Printmaking Ideas for Matariki

Matariki, the Māori New Year, is a uniquely New Zealand celebration. 
 In winter the star cluster Matariki (the Māori name for Pleiades)
re-appears on the horizon again after being absent since autumn.
This signals a time to come together to acknowledge the successes of the past year, 
to celebrate and to look towards the year ahead.

My friend Martin Langdon helped with plans for Matariki at Auckland Art Gallery,
and he recently wrote about five criteria he sees as most important to Matariki kaupapa:
Te Ao Māori (Māori world) – The meaning and tradition of Matariki, stories and significance
Korero (Dialogue) – language, discussion, talks, communication, interpretation
Kai (Food) – nurturing, growing, harvesting, sharing of food
Tangata (People)Whānau, family, whakapapa, relationships, intergenerational learning
Whenua (Land) – Site, history, place, architecture, environment, sustainability

There is still time to organise a project or event.
Here's a few of my own thoughts about how NZ Printmakers may like to celebrate Matariki this year:

New Year, New Beginnings
Marking the start of the Māori New Year, Matariki is a time of new beginnings.
For some iwi (tribes), the stars form the first whare wānanga (house of learning) in the sky.
As Matariki is in winter, it's a great time to learn a new skill, start a new printmaking project,
  about the previous year, celebrate successes, and to plan for the future.

  • Take time to korero (dialogue) all that positive things in your life over the past year, review the artwork you made, recognise what is successful and unique
  • Set some new goals and prepare for what you need to do to achieve this in the year ahead
  • Enroll in a course, learn a new skill or printmaking technique 

Penny Stotter, Matariki, 
Screenprint, 41x55cm, edition of 50

The Eyes of Matariki
Matariki has two meanings, both of which refer to the cluster of stars; 
Mata Riki means “Tiny Eyes”, and Mata Ariki means “Eyes of God”. 

  • Be open to looking at your artmaking from a different perspective, to view your ideas through different ‘eyes’, smaller or larger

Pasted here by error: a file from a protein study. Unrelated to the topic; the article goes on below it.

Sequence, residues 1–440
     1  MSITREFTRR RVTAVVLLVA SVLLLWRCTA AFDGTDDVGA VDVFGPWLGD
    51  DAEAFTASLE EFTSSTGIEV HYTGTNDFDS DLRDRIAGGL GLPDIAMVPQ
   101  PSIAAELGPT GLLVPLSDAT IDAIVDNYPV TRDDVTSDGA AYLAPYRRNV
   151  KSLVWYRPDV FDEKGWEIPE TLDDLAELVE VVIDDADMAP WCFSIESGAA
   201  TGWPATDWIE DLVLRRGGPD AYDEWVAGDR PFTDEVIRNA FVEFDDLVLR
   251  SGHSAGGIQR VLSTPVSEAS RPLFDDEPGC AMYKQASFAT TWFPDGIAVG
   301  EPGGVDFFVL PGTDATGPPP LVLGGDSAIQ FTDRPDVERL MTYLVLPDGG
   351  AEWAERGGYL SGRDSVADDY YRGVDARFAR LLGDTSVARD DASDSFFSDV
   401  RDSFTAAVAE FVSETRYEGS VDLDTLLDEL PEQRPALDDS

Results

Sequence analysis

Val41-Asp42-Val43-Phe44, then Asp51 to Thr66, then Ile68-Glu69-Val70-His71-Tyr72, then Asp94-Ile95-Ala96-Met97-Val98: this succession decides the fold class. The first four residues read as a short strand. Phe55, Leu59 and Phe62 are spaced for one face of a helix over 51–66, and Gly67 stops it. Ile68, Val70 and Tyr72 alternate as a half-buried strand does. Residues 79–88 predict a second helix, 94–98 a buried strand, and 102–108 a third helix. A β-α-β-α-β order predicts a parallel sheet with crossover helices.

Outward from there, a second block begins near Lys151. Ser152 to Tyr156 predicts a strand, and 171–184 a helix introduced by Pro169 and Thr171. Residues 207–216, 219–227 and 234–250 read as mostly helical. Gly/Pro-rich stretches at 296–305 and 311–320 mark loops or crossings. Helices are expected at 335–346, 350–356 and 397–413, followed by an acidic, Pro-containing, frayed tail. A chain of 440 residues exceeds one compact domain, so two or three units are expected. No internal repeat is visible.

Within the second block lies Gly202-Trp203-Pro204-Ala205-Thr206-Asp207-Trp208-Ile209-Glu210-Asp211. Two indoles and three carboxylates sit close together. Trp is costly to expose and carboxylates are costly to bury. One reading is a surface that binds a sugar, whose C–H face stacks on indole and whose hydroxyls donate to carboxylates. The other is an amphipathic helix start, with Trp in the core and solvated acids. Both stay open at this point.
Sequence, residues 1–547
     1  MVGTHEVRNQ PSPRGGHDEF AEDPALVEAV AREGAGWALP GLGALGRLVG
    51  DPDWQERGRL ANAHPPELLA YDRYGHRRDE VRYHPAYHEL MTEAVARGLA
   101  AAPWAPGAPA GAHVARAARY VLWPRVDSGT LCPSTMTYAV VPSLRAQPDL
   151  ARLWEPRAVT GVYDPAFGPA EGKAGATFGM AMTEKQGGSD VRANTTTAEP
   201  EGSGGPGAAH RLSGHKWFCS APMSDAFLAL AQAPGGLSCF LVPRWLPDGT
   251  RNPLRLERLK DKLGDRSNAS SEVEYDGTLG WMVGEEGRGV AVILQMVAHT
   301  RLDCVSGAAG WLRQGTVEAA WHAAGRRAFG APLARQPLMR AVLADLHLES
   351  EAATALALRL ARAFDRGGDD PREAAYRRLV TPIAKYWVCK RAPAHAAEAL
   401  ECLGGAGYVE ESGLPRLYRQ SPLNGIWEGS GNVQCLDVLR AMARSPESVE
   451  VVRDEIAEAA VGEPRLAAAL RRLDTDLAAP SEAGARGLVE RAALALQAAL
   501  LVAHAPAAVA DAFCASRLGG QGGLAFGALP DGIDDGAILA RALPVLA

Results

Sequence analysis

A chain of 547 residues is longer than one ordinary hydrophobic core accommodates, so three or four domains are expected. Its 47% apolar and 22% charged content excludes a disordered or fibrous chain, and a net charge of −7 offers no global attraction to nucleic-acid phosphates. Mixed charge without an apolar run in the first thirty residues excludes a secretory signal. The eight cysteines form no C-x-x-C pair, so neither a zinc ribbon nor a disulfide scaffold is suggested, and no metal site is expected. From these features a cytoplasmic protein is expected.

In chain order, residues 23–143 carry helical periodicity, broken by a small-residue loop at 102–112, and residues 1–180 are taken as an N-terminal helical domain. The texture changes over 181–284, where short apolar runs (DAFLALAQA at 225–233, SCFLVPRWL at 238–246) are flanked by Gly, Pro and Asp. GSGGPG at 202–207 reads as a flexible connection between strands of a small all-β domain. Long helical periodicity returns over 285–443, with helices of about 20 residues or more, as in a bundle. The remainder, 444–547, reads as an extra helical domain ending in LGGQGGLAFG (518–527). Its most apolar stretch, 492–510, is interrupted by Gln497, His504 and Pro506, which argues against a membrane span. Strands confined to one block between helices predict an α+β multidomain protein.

• Consider a different cultural or spiritual perspective, meaning, tradition, interpretation (eg see the world through the Eyes of God)

Rakai Karaitiana, Matariki, 2011
Screenprint, edition of 50

Enjoy Our Whenua (Land)
 Traditionally, Matariki was the time to plant trees and prepare the land for planting crops. 
 Take time to acknowledge the land which provides food, medicine, and resources for building etc. 
  • Learn about native trees, plants, birds and animals. Spend some time in a garden or nature
  • Make an artwork about the place you live, journey or connection to the site you call 'home'
  • Make an artwork about the history, landmarks or environment of your local area
  • Consider ways your artmaking practices could be kinder to the environment or more sustainable - Check out Mark Graver's book about Non-Toxic Printmaking

Charlotte Graham, Tirairaka (detail), 2010
Woodcut, 64x49cm, edition of 30

Feasting and Friends
Matariki follows the end of the harvest season and therefore was a time of plenty for Maori - 
the food stores were packed full of kai; kumara, pikopiko, preserved eel, birds and other delicacies. 
Matariki can be a time to share, show hospitality, to respect others, to gather, feast, 
and celebrate the accomplishments of the previous year and rejoice in the year ahead together. 
  • Prepare a Matariki feast to farewell the old year, welcome the new year with family & friends 
  • Consider something you have to spare from last year, give it away to somebody who needs it 
  • Share your time or resources with others, participate in a community project or art exchange
  • Learn from the knowledge or skills of another artist or family member
  • Build relationships and show hospitality by sharing a meal with other artists and printmakers 

Cerisse Palalagi, Matariki #3, 2008
Screenprint on paper, 31x25cm, 1 of 1

Family Whakapapa
Whakapapa (family history) gives us our connections to each other and the land,
forming our identity. 
Matariki may be a time to remember those who have passed away
 or to learn more about your family. 

  • Start or update your own family tree or whakapapa chart
  • Gain knowledge and collect stories about your whakapapa (lineage and family members)
  • Take time to look at old family photograph albums, letters, scrapbooks and other records 
  • Make an artwork to commemorate members of your family or where your family comes from. Remember your whakapapa or personal stories of family should be treated as a taonga (treasure) 

Sam Farquhar, Te Whakamahana o Matariki, 2008
Woodcut, 76x54cm

Celebrate Māori Culture & Language 
Reo Māori is an intrinsic part of the culture of Aotearoa New Zealand 
and is becoming increasingly common in greetings, official functions and in education. 
Matariki is the ideal time for us to do something more to further to embrace Māori culture, 
this month of Matariki also includes te wiki o te reo Māori – Māori language week.

Feel free to add a comment below if you know of any print-related Matariki events
or if you are making prints for any Matariki exhibitions.